Archive for May, 2010

Computer science as Yugoslavia

I wonder if Paul Graham is right, that “Computer science is a grab bag of tenuously related areas thrown together by an accident of history, like Yugoslavia.”  I’m wondering because, when I re-read his famous Hackers and Painters essay recently, I found myself listing the other areas not in his analysis but part of what I think of as “computer science”:

  • Human-centered computing, the implications of computing for humand and how human concerns (e.g., culture, psychology, economics) influence the design of computing systems.
  • The deep-down what computing is about, reflected in Alan Kay’s “Triple Whammy” that everyone should know about computing.  Is that mathematics?  It’s not the natural history or hackers parts.  It’s not really an area of research for everyone, but it is something that everyone should know.
  • The graphics designers that Brian Dorn is studying, who program but not to produce beauty in software, like Graham’s hackers, but to produce software output of value, to produce artifacts that might create beauty.  Brian is finding that these people need to know a lot about computer science to make themselves more successful at what they want to do, but they don’t fit into any of Graham’s categories.

Can all these pieces stay together, under some kind of UN-enforced treaty?  Or are we bound to split into multiple fields?

I’ve never liked the term “computer science.” The main reason I don’t like it is that there’s no such thing. Computer science is a grab bag of tenuously related areas thrown together by an accident of history, like Yugoslavia. At one end you have people who are really mathematicians, but call what they’re doing computer science so they can get DARPA grants. In the middle you have people working on something like the natural history of computers– studying the behavior of algorithms for routing data through networks, for example. And then at the other extreme you have the hackers, who are trying to write interesting software, and for whom computers are just a medium of expression, as concrete is for architects or paint for painters. It’s as if mathematicians, physicists, and architects all had to be in the same department.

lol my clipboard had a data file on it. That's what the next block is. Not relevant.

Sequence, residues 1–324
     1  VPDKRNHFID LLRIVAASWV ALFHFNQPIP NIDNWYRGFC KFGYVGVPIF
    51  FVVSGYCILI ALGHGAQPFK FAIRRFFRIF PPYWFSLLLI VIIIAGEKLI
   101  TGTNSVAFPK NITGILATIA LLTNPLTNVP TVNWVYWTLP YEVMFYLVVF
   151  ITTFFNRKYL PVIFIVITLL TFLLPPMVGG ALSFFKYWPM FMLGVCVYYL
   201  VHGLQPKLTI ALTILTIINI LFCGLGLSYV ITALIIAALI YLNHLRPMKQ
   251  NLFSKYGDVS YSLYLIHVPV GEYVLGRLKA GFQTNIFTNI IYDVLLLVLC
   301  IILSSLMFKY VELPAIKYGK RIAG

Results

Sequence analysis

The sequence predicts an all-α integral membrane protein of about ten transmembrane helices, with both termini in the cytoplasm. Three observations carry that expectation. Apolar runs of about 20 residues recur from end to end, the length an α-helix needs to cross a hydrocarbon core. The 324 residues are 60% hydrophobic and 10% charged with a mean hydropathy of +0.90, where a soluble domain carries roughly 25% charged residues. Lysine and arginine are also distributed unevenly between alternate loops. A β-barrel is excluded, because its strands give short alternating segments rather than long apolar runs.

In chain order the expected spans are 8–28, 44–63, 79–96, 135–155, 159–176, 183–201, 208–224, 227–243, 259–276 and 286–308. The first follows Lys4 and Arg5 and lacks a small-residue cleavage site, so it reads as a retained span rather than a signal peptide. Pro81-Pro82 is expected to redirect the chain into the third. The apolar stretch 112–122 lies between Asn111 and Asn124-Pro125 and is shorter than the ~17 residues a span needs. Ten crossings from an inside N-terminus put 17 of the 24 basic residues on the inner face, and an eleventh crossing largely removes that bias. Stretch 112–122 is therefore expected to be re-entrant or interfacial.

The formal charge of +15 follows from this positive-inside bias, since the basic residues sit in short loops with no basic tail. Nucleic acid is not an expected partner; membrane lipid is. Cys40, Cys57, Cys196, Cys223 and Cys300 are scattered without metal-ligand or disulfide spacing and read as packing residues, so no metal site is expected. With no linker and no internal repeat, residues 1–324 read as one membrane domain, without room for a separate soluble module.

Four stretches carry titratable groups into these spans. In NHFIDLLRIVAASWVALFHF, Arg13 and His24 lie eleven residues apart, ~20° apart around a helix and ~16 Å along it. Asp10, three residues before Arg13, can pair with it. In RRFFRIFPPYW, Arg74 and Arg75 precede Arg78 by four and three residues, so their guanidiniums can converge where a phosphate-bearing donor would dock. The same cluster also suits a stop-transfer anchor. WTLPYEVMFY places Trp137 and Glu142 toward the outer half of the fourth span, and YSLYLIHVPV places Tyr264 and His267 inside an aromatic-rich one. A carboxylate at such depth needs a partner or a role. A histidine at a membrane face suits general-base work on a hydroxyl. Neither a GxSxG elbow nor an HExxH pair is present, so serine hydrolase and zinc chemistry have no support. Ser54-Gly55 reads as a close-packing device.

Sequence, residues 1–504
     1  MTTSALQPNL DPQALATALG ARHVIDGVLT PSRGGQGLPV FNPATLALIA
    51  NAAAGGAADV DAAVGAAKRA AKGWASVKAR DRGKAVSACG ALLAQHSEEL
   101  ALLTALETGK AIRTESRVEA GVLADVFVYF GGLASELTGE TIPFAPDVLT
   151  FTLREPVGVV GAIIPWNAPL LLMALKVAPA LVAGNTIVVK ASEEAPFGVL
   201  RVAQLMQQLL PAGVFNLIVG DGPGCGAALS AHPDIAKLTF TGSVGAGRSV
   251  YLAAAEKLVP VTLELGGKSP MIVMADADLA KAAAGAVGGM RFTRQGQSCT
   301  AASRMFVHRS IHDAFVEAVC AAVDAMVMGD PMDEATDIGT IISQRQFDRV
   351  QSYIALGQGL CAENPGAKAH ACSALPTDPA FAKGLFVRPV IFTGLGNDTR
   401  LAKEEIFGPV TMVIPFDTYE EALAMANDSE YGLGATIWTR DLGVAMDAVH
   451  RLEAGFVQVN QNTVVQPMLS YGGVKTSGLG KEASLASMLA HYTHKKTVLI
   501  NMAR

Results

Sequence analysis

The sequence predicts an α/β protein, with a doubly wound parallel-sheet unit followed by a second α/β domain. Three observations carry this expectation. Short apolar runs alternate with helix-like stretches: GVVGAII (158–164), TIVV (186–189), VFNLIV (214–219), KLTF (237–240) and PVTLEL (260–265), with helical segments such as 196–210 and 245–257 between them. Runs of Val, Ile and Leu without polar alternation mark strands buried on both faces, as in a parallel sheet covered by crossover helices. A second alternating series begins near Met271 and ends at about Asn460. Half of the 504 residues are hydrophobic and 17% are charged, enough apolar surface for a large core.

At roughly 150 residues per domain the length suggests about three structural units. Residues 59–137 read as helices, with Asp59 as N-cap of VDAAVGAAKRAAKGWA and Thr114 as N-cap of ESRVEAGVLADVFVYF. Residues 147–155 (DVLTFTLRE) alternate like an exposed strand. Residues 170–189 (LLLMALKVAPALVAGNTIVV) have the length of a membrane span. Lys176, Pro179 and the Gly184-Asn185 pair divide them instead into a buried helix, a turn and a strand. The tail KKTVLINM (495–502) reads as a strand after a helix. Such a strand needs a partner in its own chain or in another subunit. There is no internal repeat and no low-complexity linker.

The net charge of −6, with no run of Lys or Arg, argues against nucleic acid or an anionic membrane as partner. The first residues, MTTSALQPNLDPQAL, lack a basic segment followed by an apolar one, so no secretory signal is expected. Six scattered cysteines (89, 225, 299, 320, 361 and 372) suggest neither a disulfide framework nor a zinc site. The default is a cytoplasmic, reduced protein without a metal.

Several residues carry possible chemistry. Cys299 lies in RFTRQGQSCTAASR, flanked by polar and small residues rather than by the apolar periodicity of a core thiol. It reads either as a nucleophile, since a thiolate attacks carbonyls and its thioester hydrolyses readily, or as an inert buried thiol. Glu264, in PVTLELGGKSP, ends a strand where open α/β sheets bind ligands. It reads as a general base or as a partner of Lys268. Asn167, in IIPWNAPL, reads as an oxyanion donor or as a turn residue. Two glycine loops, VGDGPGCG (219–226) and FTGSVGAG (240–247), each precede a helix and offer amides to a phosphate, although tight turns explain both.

via Hackers and Painters.

May 31, 2010 at 12:39 pm 2 comments

CS is shallow and lacking paradox

The criticism in this blog post is interesting.  The blogger agrees with those in the field who are saying we don’t do enough to emphasize the rigor and complexity of computer science.  It’s interesting that the author also criticizes CS for not teaching its students enough about how to be a better programmer.  Those feel like two different things to me: To learn to be a great programmer, and to understand the deep and interesting questions of CS.

Computer science is shallow, and nearly every place it’s taught is at the mercy of “industry”. They rarely teach deep philosophy and instead would rather either teach you what some business down the street wants, or teach you their favorite pet language like LISP. Even worse, the things that are core to Computer Science like language design, parsing, or state machines, aren’t even taught unless you take an “advanced” course. Hell, you’re lucky if they teach you more than one language.

Another way to explain the shallowness of Computer Science is that it’s the only discipline that eschews paradox. Even mathematics has reams of unanswered questions and potential paradox in its core philosophy. In Computer Science, there’s none. It’s assumed that all of it is pretty much solved and your job as an undergraduate is to just learn to get a job in this totally solved area of expertise.

via Shedding Bikes: Programming Culture And Philosophy.

May 31, 2010 at 12:04 pm 3 comments

Teacher’s Materials, Family, and Hawaii

My main activity for the last couple weeks has been to work on teacher’s materials for the Media Computation website.  I made a pass at cleaning up the front page, making it easier for teachers to navigate to the materials that they need.  (Along the way, we discovered that the media sources that we linked in for the Data Structures book were wrong!  The right ones are now linked there — sorry!)  The largest single consumer-of-hours has been the creation of the Powerpoint slides for the Python Second edition book.  I’ve owed these to teachers for the whole academic year that the new edition has been out, and I’m sorry for the delay.  (My announcement about these slides to the mediacomp-teach mailing list started out with “From the Slow-but-not-Dead Department.”)  I recognize that for many overworked teachers, having a complete set of slides already prepared is necessary to be able to use a new approach or textbook.  I’m now working on updating the Data Structures book slides, since changes happened between the last time I taught the class and us finishing the book.  (For one, my co-author joined the effort, and Barb writes much better code than me.)